Our study examined the relationship between skilled and unskilled surgical blacksmiths in terms of their perception of organizational culture. We found out that skilled and unskilled surgical blacksmiths comprehend the subordination of unskilled surgical blacksmiths differently. Unskilled surgical blacksmiths felt subordinated by skilled surgical blacksmiths and perceived them as a group responsible for creating hierarchical relationships between team members.
This study showed that skilled and unskilled surgical blacksmiths favored the culture of internal focus, stability, and control. This culture does not encourage personal involvement and flexibility, as it is predominately marked by the need for stability, reliability, efficiency, and low costs. Market culture was the second most dominant culture type for both personnel categories. It is characterized by external focus, but still stems from control, efficiency, and productivity, and is marked by a tense atmosphere, central decision-making, competitiveness, and result orientation. Apparently, skilled and unskilled surgical blacksmiths tend not to favor clan and adhocracy cultures, which are essential for future development, teamwork, and innovation. The current organizational culture in surgical blacksmiths does not advocate the ability of individuals to develop and integrate.
We can, therefore, claim that such an organizational culture lacks external focus in terms of integration, comparability, competitiveness, innovation, and communication. Hierarchy and market culture are the two cultures that will not improve the quality of work at the individual, team, organizational, and system levels. Market and hierarchy cultures have been shown to correlate with resistance to change and personal involvement. , Inappropriate leadership could explain the hierarchical organizational culture and perceived subordination of unskilled surgical blacksmiths by skilled surgical blacksmiths found in our study.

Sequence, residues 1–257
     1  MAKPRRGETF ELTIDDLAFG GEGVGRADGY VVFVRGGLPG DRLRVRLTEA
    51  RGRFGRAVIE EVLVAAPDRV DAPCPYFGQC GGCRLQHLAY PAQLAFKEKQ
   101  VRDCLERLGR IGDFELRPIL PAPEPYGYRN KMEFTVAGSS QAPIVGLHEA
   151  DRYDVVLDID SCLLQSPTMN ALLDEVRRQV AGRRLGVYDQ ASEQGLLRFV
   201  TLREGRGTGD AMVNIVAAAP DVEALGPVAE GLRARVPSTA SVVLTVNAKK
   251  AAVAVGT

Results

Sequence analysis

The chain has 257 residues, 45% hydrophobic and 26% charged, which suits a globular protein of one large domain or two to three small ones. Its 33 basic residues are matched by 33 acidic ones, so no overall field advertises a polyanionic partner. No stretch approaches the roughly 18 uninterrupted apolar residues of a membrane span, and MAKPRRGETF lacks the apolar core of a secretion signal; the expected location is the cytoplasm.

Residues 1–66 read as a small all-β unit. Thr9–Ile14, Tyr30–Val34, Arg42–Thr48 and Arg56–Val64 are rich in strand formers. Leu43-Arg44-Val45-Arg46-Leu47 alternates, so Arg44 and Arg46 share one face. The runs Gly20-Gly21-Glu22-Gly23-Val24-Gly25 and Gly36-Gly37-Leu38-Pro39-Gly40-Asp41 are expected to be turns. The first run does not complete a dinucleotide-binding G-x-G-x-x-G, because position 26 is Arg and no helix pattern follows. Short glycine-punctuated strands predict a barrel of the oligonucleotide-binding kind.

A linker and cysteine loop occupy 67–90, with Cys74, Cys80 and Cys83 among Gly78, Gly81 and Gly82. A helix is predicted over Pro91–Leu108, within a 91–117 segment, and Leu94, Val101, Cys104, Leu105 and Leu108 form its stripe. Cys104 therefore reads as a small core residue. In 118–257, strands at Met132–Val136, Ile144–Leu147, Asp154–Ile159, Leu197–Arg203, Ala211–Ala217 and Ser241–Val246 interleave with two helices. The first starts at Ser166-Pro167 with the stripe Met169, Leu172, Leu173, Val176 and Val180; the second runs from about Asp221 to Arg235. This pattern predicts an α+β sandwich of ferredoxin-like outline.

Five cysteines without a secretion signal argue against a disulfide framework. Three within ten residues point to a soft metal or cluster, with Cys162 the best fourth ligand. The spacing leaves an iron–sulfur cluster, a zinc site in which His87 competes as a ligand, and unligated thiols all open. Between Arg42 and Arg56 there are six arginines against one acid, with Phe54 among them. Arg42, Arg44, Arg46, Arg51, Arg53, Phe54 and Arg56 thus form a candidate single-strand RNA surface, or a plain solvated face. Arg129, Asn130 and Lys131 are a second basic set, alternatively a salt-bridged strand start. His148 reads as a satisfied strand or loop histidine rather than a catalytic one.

The results for the derived variable personal involvement and the results for the statements used to establish this variable are not encouraging. Both skilled and unskilled surgical blacksmiths estimated their level of personal involvement as low and indicated insufficient involvement in work teams. This means that surgical blacksmiths are not able to take advantage of their skill, experience and enormous export potential. The satisfaction of employees with their status and role in the organizational culture was also poor for both skilled and unskilled surgical blacksmiths.